Emily Lakdawalla • Jan 21, 2010
Mars and a moonbow
As one of my fellow space bloggers is wont to say: Holy Haleakala! This photo is spectacular! [EDIT: It would be spectacular at higher resolution, but permission has been withdrawn to post it at high resolution until it after it's published -- sorry folks.]
There are several amazing things going on in this photo, which was taken last night, January 20, 2010. First of all, it is, in fact, Haleakala, the crater at the top of Maui's highest volcano-built peak, reaching more than 3,000 meters (10,000 feet) above sea level. But the crater itself is shrouded in clouds. Fortunately, the photographer, Wally Pacholka of astropics.com, was standing above those clouds, able to see Mars shining brilliantly in a star-studded sky. Behind Pacholka was a four-day-old crescent moon. And the light from that moon was refracted and reflected within the droplets in the cloud filling Haleakala to make a moonbow. Moonbows represent the same phenomenon as rainbows, it's just that the light from the Sun has reflected off of the Moon first before it's separated into its colors by the myriad tiny water droplets in the cloud. They're usually spotted in places where you can reliably find water droplets when there's a clear sky, like near waterfalls. But Pacholka tells me it's really rare to see them when the Moon is so young (and hence, dim); most moonbows are observed when the Moon is closer to full. Seen with the naked eye, moonbows usually appear white, because they're too faint to excite the color-sensing cones in our eyes, but in long-exposure photographs like this one, the colors become apparent. Mars' presence in the sky above is just icing on the cake.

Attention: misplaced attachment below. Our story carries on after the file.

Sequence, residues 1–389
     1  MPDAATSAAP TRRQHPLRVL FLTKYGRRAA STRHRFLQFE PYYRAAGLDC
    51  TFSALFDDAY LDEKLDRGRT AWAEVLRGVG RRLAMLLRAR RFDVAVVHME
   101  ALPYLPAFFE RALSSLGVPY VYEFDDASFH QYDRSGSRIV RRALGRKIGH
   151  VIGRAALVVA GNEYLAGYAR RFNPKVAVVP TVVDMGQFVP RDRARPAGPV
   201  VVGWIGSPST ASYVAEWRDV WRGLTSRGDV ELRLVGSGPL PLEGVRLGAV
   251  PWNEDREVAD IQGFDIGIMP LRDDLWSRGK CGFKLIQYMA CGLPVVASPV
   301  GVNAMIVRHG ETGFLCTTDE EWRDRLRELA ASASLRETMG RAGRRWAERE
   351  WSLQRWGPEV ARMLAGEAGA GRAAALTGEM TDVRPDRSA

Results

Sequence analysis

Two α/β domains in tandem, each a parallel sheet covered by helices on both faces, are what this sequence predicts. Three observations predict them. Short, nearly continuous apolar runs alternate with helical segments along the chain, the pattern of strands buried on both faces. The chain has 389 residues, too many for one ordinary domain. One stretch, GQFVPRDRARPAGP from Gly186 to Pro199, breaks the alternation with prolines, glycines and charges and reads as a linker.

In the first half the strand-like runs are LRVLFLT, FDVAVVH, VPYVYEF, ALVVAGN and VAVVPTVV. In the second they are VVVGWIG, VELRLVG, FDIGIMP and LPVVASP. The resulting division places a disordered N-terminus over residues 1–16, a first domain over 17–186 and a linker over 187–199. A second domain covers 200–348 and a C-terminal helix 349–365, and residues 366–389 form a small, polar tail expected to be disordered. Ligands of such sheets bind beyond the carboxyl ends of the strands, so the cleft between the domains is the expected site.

Gorgeous. Pacholka was there at the invitation of Maui no ka oi (best of Maui) Magazine, shooting for a May/June 2009 article on the magnificent night skies on this volcanic crater in the middle of the Pacific Ocean.
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